Tin Tin's Sailing Calendar

Friday, 4 November 2016

Exploring Lisbon

Today I woke ridiculously late at 09:30 after vivid dreams involving boats, driving a Landrover across boggy terrain and rescuing a strange floating ice sculpture on a rocky coast - probably St Mawes. It was all so real that even at breakfast I was still concerned about what I had done with the Landrover keys!

Mark then set about changing the oil in the new engine, which seemed to take a very long time, and I did my bit struggling to get the oil filter off, and devising a strap lever to do it.  No success there as it had been spray painted into the engine! A call to John at MarineTech put our mind at rest, as the filter is good until the first proper service after 12 months.

Then at last we could set off into Lisbon, catching the little coastal train which costs just 5 euros return for the half hour ride.   Once in Lisbon I could see just how huge the river is, with ferries to the other side travelling the same distance as crossing the Solent.  Much of the waterfront was being torn up and improved, but we soon came to magnificent buildings and the most enormous square, Placa Commercao, dominated by a great statue of Saint Vincent, I think,  with his horse trampling a nest of great snakes beneath its hooves.

Mark had been there before and guided me through little crumbling streets and alleyways, past tiny restaurants and cafes, and up flights of stairs, steeply climbing walkways and tunnels until we popped out on the terrace at the top of Alfama, overlooking a great sweep of roof tops down to the waterfront.  A little formal garden with shady parapet walkway led to a higher terrace where I could wipe the perspiration from my brow and enjoy a, much longed for, cold beer.   Mark was very patient as I set to sketching the great sweep of buildings in front of us.  As dusk fell I had to rapidly convert my painting into a night scene with all the different lighting emphasis. A second beer was very much called for to carry this through.

Lisbon's streets as in Cascais are all paved with little black and white blocks of stone about an inch and a half each side.  The patterns are lovely square edged shapes in some streets, but in larger spaces and wide streets  there is a superb pattern of alternating black and whit waves.  Seen from one angle they produce a convincing illusion that the streets are deeply rutted, and that one must be careful to avoid stumbling over the raised ridges. The astonishing amount of labour need to accomplish this iss quite mind boggling.  I picked up a couple off pieces from a damaged area, and was surprised to find that they were blocks rather than tiles, as I had hitherto imagined.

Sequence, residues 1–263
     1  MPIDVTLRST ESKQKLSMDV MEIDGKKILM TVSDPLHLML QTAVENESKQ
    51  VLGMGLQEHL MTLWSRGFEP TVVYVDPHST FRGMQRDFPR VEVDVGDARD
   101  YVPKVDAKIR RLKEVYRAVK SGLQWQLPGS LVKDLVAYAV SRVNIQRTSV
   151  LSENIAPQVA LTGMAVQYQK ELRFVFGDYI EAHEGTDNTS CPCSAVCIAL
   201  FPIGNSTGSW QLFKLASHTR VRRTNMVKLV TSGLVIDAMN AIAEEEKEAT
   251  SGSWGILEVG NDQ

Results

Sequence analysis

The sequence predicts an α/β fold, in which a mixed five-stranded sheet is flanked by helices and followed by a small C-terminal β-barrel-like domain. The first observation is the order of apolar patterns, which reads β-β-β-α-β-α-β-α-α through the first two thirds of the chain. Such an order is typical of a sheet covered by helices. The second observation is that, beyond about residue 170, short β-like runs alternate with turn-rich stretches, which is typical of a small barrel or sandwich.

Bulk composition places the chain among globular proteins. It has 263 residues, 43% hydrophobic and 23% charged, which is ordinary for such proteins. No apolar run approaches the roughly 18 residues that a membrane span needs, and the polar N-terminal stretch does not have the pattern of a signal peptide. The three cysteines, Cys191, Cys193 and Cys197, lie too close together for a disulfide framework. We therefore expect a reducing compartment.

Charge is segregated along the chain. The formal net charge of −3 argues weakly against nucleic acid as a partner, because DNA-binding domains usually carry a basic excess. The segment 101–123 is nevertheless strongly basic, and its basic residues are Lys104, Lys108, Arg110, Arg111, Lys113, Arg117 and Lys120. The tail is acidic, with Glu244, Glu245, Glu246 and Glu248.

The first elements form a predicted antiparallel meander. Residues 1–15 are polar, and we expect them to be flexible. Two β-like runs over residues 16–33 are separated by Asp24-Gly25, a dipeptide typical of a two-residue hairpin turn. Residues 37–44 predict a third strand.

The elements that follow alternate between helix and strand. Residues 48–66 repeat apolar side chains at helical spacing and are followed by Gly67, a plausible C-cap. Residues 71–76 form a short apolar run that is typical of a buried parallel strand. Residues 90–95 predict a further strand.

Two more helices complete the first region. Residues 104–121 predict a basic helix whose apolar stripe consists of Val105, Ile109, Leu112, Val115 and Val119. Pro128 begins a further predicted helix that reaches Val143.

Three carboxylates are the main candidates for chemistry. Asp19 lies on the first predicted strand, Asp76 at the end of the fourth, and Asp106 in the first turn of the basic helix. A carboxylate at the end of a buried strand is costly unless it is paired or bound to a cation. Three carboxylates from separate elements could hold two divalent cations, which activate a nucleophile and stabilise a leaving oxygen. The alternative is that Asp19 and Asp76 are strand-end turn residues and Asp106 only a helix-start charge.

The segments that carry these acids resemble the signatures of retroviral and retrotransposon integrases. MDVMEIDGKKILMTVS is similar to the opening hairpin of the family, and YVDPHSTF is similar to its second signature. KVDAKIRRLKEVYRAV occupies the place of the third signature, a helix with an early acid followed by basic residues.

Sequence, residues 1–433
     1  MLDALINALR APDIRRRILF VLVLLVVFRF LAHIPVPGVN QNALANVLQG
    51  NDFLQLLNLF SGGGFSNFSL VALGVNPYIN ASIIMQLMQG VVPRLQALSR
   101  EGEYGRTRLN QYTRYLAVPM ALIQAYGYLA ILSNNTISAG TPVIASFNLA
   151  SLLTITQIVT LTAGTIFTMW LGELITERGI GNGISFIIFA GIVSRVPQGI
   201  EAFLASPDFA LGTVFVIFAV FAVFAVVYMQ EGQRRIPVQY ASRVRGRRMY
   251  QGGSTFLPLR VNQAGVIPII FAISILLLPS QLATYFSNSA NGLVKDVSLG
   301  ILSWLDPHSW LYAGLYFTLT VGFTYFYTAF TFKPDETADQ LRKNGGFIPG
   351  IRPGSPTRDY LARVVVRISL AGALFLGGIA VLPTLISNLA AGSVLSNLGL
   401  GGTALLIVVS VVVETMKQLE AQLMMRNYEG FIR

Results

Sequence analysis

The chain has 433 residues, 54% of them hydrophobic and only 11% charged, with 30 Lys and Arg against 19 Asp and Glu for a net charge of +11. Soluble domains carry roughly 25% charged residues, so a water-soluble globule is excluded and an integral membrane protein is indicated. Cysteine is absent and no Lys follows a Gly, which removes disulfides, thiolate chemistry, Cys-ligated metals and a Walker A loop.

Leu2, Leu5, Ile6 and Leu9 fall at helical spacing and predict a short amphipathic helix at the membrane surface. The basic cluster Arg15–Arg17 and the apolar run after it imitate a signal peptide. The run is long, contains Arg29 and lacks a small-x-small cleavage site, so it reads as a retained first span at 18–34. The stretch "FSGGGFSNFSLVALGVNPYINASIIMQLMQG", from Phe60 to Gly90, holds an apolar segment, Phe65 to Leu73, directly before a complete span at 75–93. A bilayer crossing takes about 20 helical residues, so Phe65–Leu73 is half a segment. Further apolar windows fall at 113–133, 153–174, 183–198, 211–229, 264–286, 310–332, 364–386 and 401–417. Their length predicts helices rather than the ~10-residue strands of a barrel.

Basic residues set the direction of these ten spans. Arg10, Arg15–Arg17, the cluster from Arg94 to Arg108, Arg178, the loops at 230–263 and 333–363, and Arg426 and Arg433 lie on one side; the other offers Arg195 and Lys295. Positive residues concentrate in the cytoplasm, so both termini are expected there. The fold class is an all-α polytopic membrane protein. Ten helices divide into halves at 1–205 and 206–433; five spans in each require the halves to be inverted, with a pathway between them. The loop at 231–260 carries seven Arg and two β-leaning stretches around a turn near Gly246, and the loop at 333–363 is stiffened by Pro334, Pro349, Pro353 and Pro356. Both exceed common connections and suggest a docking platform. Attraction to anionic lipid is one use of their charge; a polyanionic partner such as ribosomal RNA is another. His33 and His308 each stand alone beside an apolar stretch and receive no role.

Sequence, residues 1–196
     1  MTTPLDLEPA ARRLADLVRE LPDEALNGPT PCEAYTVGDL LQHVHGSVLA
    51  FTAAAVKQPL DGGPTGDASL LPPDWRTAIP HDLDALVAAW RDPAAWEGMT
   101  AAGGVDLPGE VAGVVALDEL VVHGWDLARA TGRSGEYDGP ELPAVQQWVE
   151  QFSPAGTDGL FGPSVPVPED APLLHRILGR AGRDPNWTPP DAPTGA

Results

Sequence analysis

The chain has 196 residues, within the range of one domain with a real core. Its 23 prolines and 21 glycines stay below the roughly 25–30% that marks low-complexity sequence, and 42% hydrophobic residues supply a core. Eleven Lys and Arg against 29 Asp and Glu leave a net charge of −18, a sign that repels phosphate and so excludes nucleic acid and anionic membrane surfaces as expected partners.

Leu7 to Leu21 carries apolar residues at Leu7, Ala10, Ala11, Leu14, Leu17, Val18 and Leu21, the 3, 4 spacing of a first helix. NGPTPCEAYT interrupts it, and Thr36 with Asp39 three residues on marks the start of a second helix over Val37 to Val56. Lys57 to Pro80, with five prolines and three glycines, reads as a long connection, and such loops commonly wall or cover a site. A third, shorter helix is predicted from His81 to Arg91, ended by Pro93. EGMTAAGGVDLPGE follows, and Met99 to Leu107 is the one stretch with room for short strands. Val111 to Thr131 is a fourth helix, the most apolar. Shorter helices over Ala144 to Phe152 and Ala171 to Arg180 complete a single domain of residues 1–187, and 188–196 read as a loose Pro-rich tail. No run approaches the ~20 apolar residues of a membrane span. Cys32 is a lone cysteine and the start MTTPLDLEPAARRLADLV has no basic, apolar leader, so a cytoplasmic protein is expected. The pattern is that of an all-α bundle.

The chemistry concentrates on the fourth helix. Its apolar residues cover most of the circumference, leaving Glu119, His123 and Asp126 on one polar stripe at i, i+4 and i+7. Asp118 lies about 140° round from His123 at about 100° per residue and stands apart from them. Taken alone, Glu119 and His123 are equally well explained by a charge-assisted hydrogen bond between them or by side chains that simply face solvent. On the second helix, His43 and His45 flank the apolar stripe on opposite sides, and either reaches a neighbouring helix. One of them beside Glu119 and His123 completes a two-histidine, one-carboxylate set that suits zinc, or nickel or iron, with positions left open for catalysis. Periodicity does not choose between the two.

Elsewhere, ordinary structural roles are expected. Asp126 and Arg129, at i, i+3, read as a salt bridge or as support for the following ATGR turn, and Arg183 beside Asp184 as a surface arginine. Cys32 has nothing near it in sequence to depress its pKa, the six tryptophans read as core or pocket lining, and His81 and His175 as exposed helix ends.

We caught one of the flock of ancient and picturesque trams and came down from the heights with a great screeling of metal wheels on metal rails as we rounded the corners.  I smiled at someone enjoying a ride in the opposite direction, as we were both videoing each other's tram passing, and as we came to a halt alongside she reached out to me and shook my hand. A brief encounter!

Thanks to arriving, euphemistically, on much more solid ground at last, I was really looking forward to enjoying some Portuguese cuisine.  We walked a very long street lined with restaurants, tugged, cajoled and importuned by the doorman of each to enter his fine establishment,  The range of languages tested was impressive, and eventually we gave in at one owned by Luis, who got us sat down and hooked with a complimentary glass of port before proffering some rather disappointing well-thumbed laminated picture menus.  Nonetheless once he presented the platter of fresh fish we settled on sole and grouper, and very much enjoyed the dishes once they appeared. I took the risk of  enjoying a half bottle of Dao white wine, which was bliss after almost two weeks abstinence.

Meanwhile Luis had triumphed over all his competitors by hooking a group of 14 Dutch tourists who settled in noisily next to us.   It was time to leave!

On the night train back to Cascais I caught up on news on my phone and, reading about the parlous state of American politics, was reminded that although Hilary was corruptly using a private email server, the other candidate seems to use another method of sending signals through the fog of campaigning.  These are foghorns which I found in a chandlery in the Isles of Scilly !

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